Levin Floor Statement on Highway Trust Fund Patch

Jul 15, 2014

I will support this legislation because we are at the 11th hour – and now it’s not the 11th hour, it’s a few minutes before midnight. Unless Congress acts by the end of this month, more than 100,000 transportation projects could be delayed, and as many as 700,000 jobs put at risk.

But this legislation is a patch, and what our nation’s infrastructure needs is a major repair.

Doing nothing is not an option. But we should be doing much better.

The Republicans in this House talk a lot about the need for certainty, but they have riddled infrastructure funding with uncertainty.

The fact that we are in this position illustrates just how little House Republicans have done since they assumed the majority in 2011 to address the long-term problems facing the Trust Fund and this nation’s infrastructure.

Every Democrat on Ways and Means in January urged Chairman Camp to hold a series of hearings on long-term financing options for the Trust Fund. Yet the Committee has not held a single hearing on the topic in the three years and six months that Republicans have been in the majority.

Since 2011, the committee has held almost two dozen hearings on repealing or dismantling the Affordable Care Act. And in the last 14 months, a half dozen hearings on the IRS.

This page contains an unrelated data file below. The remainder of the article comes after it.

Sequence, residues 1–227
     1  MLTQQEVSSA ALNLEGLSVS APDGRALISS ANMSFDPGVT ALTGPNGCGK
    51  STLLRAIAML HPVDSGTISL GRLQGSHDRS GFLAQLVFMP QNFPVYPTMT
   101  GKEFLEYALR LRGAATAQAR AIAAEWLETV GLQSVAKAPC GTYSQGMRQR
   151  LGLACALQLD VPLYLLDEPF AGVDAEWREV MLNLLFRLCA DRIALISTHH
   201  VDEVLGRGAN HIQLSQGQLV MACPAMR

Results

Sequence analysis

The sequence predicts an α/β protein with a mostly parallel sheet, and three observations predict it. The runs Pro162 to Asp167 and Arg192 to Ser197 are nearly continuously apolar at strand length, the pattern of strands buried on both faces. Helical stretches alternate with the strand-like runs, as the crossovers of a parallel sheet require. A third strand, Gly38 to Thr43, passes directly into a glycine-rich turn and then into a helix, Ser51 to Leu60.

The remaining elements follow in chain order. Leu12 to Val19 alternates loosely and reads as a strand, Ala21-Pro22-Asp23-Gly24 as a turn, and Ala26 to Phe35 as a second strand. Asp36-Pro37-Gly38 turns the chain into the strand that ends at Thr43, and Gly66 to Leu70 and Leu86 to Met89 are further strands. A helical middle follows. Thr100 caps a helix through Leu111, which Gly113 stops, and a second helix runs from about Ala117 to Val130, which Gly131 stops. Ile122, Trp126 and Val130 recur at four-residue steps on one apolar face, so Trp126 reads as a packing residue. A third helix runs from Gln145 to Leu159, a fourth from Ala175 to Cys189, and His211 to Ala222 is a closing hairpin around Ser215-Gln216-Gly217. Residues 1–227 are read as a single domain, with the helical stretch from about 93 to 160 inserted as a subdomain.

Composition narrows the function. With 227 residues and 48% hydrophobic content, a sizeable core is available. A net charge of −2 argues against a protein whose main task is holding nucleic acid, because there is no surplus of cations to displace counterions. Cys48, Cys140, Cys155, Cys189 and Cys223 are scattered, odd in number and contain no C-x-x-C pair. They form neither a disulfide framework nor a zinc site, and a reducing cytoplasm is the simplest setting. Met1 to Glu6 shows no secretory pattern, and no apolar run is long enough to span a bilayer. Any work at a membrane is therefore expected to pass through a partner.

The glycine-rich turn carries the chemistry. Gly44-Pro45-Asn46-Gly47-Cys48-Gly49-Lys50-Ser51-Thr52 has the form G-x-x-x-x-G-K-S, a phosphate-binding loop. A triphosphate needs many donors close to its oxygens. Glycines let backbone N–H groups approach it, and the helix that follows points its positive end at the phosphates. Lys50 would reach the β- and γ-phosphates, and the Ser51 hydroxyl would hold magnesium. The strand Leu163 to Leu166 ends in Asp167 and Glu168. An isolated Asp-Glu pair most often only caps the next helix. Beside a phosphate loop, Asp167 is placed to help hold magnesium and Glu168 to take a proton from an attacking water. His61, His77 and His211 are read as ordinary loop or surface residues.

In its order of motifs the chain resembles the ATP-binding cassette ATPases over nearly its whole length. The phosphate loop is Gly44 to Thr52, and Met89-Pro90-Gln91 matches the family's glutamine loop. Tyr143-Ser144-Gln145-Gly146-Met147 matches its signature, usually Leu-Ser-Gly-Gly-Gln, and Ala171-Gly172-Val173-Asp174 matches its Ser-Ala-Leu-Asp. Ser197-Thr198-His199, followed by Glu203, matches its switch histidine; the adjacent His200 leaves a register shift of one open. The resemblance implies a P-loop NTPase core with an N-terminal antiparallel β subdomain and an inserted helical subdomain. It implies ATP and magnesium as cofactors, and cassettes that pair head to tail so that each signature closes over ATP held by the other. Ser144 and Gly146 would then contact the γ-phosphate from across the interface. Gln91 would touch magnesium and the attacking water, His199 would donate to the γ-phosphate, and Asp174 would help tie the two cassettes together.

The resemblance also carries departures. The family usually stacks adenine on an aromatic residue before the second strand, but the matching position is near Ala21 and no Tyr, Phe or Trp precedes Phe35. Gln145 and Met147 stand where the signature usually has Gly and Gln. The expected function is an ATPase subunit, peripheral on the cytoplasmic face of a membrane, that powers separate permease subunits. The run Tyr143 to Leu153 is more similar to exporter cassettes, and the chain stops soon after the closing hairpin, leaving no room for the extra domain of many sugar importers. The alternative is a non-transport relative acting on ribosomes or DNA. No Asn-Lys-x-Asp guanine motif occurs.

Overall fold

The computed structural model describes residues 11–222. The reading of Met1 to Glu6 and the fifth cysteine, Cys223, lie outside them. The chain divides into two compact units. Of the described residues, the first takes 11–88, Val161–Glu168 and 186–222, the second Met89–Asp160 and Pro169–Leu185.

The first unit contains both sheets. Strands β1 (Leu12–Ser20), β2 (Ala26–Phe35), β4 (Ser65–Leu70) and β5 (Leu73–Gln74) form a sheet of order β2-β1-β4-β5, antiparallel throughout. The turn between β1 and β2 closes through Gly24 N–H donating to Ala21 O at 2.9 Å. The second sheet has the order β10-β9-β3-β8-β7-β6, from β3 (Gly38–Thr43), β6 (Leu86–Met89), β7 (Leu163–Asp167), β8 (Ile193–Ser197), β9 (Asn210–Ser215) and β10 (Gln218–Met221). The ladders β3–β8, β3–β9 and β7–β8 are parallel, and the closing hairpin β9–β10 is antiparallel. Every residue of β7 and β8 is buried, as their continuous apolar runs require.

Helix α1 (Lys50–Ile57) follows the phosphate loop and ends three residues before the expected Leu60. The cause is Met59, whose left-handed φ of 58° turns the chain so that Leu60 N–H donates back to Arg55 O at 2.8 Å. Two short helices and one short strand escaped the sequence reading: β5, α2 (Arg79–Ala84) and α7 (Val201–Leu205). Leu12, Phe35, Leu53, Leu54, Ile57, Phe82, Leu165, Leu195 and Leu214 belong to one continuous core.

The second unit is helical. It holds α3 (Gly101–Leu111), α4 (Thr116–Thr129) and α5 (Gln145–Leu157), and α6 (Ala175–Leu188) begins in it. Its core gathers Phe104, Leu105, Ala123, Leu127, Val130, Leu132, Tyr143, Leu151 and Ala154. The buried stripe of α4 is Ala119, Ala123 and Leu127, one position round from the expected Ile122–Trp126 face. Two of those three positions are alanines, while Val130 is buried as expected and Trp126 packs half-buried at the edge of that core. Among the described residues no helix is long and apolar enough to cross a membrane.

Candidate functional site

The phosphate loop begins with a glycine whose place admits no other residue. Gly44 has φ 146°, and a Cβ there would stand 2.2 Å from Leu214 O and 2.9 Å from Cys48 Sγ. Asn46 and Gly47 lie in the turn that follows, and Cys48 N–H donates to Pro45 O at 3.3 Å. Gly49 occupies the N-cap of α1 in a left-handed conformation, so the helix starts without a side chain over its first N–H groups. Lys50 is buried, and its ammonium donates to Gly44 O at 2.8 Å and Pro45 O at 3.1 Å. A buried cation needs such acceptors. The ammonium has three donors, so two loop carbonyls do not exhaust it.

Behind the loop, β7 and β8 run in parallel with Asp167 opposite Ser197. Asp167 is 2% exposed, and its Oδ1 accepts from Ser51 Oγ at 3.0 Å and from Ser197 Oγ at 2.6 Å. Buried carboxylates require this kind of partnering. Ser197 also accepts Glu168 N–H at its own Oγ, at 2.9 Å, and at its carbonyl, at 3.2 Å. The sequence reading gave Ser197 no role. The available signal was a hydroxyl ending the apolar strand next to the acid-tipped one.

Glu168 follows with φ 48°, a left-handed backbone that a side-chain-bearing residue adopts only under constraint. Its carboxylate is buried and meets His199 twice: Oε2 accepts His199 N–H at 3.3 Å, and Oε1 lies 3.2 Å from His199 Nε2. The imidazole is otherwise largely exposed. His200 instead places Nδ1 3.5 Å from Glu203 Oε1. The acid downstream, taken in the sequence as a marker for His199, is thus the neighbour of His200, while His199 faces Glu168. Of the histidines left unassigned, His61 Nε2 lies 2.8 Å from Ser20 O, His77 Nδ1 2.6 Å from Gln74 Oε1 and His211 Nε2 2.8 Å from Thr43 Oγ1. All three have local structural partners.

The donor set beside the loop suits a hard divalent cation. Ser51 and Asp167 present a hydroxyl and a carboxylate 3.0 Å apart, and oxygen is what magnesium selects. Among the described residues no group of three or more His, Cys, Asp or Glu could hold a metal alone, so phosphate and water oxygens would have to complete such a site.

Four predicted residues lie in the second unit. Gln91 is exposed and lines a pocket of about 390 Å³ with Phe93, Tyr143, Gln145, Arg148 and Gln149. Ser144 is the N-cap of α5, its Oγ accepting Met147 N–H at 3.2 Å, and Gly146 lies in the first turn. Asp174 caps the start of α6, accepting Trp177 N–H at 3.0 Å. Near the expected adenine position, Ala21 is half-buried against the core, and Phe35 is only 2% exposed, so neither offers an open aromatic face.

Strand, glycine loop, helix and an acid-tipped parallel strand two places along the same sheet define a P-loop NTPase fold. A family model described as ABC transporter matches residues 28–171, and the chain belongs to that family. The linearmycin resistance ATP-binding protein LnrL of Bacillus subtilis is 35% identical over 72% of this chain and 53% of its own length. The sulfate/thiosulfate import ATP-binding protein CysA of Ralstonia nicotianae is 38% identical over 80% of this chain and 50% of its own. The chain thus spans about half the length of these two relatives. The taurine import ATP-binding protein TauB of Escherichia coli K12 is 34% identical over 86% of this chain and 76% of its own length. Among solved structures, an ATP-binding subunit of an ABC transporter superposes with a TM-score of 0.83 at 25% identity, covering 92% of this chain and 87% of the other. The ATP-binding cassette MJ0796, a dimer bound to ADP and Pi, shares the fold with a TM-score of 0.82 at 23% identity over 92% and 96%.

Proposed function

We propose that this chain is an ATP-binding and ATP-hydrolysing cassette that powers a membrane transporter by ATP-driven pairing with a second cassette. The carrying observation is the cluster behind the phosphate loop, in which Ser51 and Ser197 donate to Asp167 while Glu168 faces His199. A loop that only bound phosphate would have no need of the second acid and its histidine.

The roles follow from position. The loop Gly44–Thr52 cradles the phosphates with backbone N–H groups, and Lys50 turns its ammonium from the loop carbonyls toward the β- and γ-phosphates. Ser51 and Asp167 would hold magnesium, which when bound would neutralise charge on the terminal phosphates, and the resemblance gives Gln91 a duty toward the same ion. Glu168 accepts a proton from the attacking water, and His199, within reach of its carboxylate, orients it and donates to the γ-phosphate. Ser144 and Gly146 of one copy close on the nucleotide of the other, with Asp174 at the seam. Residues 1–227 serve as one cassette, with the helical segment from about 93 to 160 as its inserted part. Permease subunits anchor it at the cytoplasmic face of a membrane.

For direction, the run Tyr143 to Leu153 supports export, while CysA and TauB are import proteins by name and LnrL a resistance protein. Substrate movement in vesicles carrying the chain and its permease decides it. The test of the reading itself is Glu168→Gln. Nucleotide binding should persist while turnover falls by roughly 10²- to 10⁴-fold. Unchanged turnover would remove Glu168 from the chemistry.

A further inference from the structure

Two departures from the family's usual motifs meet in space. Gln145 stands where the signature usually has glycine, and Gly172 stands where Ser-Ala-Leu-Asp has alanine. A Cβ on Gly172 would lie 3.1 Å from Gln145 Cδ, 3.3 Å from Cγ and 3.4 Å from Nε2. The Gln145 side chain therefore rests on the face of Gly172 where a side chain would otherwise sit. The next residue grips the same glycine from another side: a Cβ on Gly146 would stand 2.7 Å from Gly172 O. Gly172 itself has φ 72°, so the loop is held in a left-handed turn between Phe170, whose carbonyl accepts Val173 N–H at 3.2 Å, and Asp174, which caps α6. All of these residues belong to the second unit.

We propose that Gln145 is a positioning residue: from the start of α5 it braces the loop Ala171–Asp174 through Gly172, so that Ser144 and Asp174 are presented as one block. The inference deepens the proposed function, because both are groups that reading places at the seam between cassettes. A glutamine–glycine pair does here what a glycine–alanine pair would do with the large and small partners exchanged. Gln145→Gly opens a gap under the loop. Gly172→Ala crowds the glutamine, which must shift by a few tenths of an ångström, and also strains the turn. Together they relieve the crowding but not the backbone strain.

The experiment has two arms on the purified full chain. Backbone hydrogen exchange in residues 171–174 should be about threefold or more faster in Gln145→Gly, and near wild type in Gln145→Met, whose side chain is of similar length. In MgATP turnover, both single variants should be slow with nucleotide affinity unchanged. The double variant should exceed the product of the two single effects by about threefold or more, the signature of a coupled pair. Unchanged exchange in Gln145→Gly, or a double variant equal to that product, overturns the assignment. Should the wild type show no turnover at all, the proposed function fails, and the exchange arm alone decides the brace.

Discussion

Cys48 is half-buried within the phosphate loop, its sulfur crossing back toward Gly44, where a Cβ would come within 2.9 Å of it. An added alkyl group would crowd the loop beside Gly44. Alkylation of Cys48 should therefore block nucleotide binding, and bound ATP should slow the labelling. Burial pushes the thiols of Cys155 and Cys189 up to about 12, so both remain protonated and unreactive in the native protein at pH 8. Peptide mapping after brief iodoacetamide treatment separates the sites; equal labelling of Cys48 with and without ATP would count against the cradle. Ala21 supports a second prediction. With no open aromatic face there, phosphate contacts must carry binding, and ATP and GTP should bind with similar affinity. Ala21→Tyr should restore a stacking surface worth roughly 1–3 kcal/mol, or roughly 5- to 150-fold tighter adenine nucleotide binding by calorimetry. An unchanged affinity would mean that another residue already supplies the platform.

Those are not the priorities that are going to lead to a long-term solution of the Trust Fund.

This nation deserves better than the short shrift. It needs a long term solution. Democrats on Ways and Means proposed an extension until December 31 in order to pressure a long term solution this year. All of us on the Democratic side voted yes, and all of the Republicans voted no.

Let me end with a word on unemployment insurance. Senate Democrats and Republicans passed a bill to extend unemployment insurance that included an almost identical set of offsets as those included in today’s legislation. The House Republicans refused to take up that measure.

At the time, Republicans called the offsets “pie in the sky” in opposing the plan.

Well here we are today on the floor of the U.S. House – and three million Americans are still waiting for House Republicans to allow just one vote on a bipartisan plan to extend unemployment benefits.

It’s time that House Republicans get their priorities straight.